In December 2017, Treasury released a consultation paper to assess the merits of allowing victims of violent crimes to access the superannuation of the culprit in limited circumstances.
In a statement, IOOF technical services manager Josh Rundmann said this has the capacity to benefit victims, but added that policymakers would need to be aware of the effect such a scheme could have on all stakeholders.
“This has the potential to be strongly positive for victims of crime. While IOOF advocates for broad and enhanced access to super however, this proposal will need careful consideration of the potential implication across all clients and how the release will operate in practice,” he said.
Under the current system, Mr Rundmann said, the state can access the superannuation to recover the proceeds of crime, however it does not allow the payment of court-ordered ‘justice debts’ required to be paid by the perpetrator.
“Judgement debts are created at the time the court orders are issued, which may be a number of years after the crime has occurred, and whilst the standard for criminal prosecution is ‘beyond all reasonable doubt’, there are cases where criminal convictions have been overturned by a court of appeal,” he said.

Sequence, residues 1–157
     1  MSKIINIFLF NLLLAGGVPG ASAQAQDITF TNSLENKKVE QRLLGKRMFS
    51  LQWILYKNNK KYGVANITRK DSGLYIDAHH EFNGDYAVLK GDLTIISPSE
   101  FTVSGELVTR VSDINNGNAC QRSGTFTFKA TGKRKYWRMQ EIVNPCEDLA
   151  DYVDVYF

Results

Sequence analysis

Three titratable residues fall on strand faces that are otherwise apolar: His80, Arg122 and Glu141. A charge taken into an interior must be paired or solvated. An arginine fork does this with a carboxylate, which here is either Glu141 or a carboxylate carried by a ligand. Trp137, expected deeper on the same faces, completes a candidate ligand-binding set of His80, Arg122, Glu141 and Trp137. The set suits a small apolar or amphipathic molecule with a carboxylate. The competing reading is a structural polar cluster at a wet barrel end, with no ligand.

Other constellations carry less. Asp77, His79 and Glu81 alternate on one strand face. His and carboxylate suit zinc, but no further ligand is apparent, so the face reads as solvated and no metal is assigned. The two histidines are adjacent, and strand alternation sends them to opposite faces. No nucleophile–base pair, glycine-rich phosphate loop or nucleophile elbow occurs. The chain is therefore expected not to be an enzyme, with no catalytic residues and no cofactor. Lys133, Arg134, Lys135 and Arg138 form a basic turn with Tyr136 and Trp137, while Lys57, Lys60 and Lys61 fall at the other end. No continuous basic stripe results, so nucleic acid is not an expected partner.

“However, if a prosecuted individual is able to avoid their debt they could be seen as avoiding a portion of the punishment for their crime.”
Mr Rundmann said that current support services for victims of crime are unable to cover all the costs that can come up between the initial crime and the conclusion of a criminal prosecution, and allowing victims to access the perpetrator’s super “should be considered”.
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